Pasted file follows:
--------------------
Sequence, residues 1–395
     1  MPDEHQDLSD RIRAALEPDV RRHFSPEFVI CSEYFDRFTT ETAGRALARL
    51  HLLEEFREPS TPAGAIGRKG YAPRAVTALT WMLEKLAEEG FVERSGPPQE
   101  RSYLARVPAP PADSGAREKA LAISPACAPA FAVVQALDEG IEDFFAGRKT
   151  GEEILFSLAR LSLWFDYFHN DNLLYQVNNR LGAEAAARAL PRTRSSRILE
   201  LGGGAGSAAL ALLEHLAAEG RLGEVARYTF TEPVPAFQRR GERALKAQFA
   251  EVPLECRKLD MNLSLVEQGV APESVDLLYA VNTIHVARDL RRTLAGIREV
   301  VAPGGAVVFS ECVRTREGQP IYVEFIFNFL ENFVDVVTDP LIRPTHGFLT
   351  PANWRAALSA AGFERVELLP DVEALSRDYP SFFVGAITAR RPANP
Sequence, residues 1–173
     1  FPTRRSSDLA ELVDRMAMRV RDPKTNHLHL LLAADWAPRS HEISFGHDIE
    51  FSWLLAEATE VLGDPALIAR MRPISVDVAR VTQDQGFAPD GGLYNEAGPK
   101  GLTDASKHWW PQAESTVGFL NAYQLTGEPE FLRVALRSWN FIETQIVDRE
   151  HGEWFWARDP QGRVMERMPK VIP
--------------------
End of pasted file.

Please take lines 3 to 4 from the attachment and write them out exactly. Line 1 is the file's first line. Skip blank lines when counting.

    51  HLLEEFREPS TPAGAIGRKG YAPRAVTALT WMLEKLAEEG FVERSGPPQE
   101  RSYLARVPAP PADSGAREKA LAISPACAPA FAVVQALDEG IEDFFAGRKT